The legislation does not explicitly grant heirs the right to defend against the unauthorized use of the name or likeness of their deceased relative. Nevertheless, provisions within the Penal Code enable these individuals to pursue legal recourse in cases where their inheritors were subject to defamation or slander. Therefore, and particularly due to the high regard for familial bonds within the society, heirs retain the right to safeguard the reputation and integrity of their departed family members should their name or image are utilized without authorization.

The publicity right is a right related to the individual character of a person. Therefore, the assignment of such right is not possible.

It is possible for an individual to license the commercial use of their right of publicity, such license might be concluded on exclusive or non-exclusive basis. 

The Lebanese laws do not stipulate the requirements the assignment/license of the right of publicity must meet to be valid. Therefore, general conditions for the agreements shall apply for such agreements.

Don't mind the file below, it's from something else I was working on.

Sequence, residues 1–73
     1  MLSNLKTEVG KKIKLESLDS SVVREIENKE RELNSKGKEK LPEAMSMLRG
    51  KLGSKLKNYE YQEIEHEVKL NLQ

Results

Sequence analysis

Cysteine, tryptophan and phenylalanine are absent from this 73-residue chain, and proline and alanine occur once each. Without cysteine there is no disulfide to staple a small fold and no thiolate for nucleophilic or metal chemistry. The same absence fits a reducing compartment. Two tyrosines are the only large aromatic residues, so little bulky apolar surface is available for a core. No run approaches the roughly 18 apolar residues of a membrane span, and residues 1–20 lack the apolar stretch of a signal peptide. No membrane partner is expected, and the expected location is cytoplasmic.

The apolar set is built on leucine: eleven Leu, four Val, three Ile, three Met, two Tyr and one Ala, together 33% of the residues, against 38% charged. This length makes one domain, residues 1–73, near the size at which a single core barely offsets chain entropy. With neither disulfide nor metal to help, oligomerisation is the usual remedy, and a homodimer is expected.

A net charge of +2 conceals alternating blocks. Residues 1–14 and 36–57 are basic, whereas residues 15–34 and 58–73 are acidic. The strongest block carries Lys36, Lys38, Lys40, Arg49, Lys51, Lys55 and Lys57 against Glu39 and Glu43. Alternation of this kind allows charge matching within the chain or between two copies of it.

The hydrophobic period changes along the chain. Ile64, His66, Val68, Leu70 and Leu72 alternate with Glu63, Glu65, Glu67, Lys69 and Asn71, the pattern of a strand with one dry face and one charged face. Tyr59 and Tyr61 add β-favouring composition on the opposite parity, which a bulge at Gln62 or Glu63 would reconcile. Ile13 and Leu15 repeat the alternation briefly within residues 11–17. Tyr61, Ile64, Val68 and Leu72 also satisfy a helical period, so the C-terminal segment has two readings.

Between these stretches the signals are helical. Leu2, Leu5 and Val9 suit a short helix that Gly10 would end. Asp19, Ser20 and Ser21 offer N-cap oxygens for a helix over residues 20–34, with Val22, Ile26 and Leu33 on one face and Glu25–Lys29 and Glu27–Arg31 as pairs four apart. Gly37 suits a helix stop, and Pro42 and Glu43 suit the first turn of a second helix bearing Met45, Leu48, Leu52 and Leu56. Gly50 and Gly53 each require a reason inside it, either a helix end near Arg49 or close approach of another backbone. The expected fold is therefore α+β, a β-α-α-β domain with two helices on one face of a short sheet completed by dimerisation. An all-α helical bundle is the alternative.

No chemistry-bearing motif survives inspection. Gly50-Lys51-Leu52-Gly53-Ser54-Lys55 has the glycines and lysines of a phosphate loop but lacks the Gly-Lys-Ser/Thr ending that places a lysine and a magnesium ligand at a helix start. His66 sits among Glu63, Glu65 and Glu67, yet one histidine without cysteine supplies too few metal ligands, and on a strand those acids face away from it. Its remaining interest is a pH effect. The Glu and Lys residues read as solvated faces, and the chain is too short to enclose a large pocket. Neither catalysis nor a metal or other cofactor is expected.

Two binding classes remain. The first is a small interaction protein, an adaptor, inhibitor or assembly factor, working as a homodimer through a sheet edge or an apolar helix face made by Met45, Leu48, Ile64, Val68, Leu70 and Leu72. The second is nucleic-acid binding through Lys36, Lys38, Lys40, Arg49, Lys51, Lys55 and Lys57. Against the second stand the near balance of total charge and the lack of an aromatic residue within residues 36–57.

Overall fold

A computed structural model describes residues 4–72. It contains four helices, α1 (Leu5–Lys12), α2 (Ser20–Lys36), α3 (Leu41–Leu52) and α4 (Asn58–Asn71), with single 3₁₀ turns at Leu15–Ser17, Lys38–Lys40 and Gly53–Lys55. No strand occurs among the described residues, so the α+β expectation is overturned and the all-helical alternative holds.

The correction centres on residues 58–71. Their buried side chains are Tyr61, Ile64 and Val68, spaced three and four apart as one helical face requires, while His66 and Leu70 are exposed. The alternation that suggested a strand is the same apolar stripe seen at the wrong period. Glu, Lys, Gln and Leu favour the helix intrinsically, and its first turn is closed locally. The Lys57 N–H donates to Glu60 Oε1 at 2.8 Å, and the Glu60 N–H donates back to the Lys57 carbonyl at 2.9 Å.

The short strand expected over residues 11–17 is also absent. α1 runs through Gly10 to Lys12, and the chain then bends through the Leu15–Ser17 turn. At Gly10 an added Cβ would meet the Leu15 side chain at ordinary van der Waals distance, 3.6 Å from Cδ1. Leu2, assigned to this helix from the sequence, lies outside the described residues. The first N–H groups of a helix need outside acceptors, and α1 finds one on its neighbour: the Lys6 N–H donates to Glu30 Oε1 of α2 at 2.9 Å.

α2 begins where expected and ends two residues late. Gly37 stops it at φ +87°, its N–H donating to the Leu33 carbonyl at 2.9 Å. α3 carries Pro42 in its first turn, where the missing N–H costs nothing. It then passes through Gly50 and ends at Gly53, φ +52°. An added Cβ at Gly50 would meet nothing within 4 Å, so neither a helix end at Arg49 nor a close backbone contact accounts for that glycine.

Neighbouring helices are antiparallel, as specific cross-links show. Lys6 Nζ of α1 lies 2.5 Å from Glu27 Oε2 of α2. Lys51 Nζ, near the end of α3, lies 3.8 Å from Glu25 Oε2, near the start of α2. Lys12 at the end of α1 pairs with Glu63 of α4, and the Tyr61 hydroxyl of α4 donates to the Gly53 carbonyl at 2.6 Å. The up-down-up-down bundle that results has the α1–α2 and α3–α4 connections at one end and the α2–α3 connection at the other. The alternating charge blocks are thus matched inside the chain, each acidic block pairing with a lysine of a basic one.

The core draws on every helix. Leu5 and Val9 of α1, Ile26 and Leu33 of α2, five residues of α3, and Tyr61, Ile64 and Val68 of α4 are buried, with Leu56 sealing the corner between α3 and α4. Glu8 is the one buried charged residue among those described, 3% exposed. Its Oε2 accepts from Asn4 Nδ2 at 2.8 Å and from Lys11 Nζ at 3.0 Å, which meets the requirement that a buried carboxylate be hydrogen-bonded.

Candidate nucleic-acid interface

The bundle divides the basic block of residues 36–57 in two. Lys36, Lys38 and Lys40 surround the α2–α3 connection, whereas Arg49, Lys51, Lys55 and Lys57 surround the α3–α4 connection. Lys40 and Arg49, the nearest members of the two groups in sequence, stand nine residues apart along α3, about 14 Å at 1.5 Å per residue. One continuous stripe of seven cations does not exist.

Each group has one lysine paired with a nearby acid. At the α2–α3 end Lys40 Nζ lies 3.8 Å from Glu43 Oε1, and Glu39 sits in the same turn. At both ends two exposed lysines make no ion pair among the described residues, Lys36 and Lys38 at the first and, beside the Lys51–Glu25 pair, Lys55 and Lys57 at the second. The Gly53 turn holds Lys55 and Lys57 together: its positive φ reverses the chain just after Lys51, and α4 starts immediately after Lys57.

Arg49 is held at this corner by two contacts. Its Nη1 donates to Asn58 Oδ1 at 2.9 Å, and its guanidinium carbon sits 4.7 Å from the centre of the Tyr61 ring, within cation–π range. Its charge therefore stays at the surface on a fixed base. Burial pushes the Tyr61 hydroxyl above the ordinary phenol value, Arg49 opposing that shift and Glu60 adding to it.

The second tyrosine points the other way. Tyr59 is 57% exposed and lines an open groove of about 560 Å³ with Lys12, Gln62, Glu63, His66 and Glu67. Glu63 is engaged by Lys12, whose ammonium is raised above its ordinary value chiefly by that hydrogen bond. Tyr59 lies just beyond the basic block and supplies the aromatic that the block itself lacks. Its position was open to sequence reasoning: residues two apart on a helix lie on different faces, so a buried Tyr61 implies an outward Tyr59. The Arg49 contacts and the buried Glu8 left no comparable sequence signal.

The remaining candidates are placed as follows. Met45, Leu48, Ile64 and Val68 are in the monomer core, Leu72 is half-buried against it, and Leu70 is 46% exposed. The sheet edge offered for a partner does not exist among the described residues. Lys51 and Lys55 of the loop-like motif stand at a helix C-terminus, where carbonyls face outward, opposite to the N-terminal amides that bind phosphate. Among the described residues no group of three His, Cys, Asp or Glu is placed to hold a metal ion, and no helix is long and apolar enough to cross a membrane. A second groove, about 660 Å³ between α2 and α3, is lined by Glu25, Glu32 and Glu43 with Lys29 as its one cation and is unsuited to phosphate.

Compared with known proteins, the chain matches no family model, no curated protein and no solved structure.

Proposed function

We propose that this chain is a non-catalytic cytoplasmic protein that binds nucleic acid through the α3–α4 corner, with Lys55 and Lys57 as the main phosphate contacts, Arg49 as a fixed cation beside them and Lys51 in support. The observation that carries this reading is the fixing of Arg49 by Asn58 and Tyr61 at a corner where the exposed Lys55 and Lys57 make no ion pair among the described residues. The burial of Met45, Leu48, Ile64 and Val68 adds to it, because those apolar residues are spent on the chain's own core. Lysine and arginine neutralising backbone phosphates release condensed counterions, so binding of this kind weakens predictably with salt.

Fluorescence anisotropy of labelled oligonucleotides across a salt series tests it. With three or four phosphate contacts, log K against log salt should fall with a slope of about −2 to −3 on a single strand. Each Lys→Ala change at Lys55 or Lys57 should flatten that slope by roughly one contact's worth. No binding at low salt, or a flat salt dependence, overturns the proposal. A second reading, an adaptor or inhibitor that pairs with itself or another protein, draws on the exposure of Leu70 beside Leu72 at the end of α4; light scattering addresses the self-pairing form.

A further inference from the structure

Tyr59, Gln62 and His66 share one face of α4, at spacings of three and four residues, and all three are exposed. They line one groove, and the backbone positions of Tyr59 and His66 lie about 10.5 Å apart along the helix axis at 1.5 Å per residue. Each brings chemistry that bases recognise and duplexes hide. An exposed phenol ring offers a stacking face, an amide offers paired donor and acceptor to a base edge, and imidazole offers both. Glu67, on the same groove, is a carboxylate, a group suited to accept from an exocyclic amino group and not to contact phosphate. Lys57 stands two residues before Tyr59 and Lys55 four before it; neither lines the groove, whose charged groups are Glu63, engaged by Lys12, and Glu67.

The licensor retains the authority to revoke the consent for their right of publicity if the licensee violates the terms of the agreement, and such usage adversely affects the licensor’s image and reputation. Furthermore, the licensor can withdraw consent to protect their person and reputation, or due to a change in beliefs, provided that the licensee receives compensation for resulting damages.

The future of the agreement after the death of the licensor will depend on the terms of the agreement. Nevertheless, such agreements usually include a clause that it will remain binding to the heirs until the expiry of its term.

As mentioned above, assignment of name and likeness is not possible.